I’m really excited about this one, guys. Lauren is my longtime friend and stylist, and I’ve never met anyone more knowledgeable about hair. At just 25, she is the co-owner of a popular DC area salon, Elements McLean. She is certified in a myriad of cutting and coloring techniques and her styles have been featured in international hair magazines seen in over 30 countries. Despite the fact that she and her husband welcomed a new baby just a few weeks ago, she generously agreed to write a guest blog for me. (Because good hair can’t wait.) 

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My name is Lauren Ramey. My father, Irving Russo, and I own an organic hair salon that is dedicated to our guests’ health, the health of their hair and the environment. I got inspired to do hair simply from watching my father my entire childhood. He has been doing hair for 51 years, and has more passion for this industry than I have ever seen anyone have for anything. He has been my mentor, critic and biggest supporter, and I am truly blessed to be able to share his passion with him every day.

One of my biggest goals as a hairstylist is to give my guests the tools they need to carry their in-salon looks over into their daily lives. Here are a few of my tips and tricks to get the job done in a fun and healthy way.

Haircut Frequency: I recommend having your hair cut/trimmed every 6 to 8 weeks. There are a few reasons for that. One is that your hair will lose its shape. Layering and styling techniques only hold up for so long, and reshaping will make styling at home easier and less stressful. The other reason is simply for health purposes. Have you ever been bored and looked at the ends of your hair to find split ends? Those split ends have a nasty habit of traveling upwards through the strands of your hair and can eventually create frizz and damage. Trimming every 6 to 8 weeks prevents that issue.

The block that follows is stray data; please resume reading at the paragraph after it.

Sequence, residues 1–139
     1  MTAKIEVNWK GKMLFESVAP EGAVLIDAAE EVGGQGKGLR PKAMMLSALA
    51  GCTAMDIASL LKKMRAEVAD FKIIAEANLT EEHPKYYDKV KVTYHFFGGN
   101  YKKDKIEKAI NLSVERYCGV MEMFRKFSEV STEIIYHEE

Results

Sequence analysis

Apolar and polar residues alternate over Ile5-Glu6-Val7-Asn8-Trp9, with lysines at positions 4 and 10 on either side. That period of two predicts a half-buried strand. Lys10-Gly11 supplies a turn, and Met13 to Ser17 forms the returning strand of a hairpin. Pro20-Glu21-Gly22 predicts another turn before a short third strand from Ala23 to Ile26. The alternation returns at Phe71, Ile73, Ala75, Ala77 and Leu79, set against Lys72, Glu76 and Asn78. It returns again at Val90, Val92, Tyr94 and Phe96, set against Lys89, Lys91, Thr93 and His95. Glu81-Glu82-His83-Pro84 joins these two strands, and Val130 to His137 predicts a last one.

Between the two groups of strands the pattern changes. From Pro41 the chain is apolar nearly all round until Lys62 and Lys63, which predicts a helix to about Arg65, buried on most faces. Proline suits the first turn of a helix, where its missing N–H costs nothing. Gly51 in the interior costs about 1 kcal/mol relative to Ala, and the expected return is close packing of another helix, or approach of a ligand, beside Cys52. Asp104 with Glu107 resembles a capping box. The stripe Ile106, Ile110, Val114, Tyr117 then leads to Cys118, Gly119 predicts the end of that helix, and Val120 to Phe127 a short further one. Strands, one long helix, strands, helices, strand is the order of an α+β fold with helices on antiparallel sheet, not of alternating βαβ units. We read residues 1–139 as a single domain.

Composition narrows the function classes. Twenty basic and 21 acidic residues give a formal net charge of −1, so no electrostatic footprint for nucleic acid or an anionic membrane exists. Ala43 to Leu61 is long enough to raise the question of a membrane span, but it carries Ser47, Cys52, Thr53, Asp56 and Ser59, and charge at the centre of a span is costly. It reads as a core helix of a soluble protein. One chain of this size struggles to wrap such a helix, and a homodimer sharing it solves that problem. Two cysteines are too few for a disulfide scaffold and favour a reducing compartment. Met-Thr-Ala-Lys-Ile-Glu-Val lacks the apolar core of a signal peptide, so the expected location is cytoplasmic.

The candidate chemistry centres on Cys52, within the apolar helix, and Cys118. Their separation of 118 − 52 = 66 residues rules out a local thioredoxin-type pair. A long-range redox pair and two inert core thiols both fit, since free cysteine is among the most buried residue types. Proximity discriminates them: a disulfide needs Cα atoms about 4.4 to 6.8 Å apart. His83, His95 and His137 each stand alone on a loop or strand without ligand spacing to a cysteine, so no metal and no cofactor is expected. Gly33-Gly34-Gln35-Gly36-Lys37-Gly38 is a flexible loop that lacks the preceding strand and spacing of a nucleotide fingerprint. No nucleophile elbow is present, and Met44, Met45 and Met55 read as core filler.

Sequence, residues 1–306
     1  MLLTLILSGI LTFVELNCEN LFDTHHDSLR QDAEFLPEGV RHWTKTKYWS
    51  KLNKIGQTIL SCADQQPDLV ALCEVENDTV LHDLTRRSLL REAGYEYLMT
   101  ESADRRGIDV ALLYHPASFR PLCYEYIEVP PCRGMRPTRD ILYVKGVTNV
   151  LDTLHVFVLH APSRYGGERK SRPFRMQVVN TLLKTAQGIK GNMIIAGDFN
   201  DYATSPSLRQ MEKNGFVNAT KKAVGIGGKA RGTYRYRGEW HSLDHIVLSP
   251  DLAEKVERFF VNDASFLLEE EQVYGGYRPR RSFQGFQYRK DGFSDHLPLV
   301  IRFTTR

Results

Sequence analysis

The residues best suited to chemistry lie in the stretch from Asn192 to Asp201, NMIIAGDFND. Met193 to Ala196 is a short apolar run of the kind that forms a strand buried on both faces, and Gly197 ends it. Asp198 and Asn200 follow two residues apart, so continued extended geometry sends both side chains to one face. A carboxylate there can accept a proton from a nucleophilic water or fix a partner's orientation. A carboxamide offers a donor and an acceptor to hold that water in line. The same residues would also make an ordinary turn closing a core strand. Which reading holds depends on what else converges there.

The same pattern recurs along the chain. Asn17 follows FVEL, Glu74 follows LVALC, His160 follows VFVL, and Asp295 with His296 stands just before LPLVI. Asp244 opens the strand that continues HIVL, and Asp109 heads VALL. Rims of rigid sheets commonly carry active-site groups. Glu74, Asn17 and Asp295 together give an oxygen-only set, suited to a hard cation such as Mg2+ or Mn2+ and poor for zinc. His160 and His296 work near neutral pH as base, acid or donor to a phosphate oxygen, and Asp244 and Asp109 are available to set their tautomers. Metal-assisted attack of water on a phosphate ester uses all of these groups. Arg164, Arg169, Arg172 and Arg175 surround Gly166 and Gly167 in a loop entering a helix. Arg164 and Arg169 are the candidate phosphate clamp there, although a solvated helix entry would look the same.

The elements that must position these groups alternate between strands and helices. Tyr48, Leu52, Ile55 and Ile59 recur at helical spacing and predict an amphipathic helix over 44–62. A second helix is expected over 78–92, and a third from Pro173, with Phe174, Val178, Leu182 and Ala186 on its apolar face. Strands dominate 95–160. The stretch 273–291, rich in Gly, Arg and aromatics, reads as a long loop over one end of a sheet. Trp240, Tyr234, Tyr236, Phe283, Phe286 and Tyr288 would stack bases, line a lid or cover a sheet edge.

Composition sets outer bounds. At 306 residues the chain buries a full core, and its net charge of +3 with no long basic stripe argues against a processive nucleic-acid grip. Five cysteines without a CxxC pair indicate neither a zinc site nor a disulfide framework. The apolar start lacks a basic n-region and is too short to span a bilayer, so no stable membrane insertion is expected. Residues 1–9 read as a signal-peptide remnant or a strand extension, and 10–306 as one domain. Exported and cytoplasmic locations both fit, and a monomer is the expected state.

Product Ingredients To Watch Out For: These are a few ingredients to be mindful of when choosing a hair care product (or any other beauty product):

  • Sulfates are lathering agents that companies add to shampoos to make them lather up like in TV commercials. They have no purpose other than to make bubbles. Look for Sodium Laureth Sulfate, Sodium Lauryl Sulfate, or Ammonium Laureth Sulfate.
  • Parabens are preservatives that keep products good for long periods of time. Parabens have been found in large percentages of breast cancer tissue, and can be highly carcinogenic. Look for methylparaben, ethylparaben, propylparaben, butylparaben, isobutylparaben, and benzylparaben.
  • Phthalates are plastics that companies add to their hair care products to make hair look shiny. They coat the hair and weigh it down, eventually leading to the desire to switch products. Without phthalates, there is no need to have three different kinds of shampoo in your shower to rotate through.
  • Mineral Oil also coats hair, preventing good proteins and moisture from getting into the inner cortex of the hair to heal from the inside out.
  • Gluten is the last ingredient to watch out for. Most people know about gluten as a food denomination. It is a wheat protein that can be ingested, but it is also added into products as a strengthening agent. Just as people can be sensitive to eating gluten, one can be equally affected by it topically. Gluten protein can dry out the hair and scalp and can inflame skin.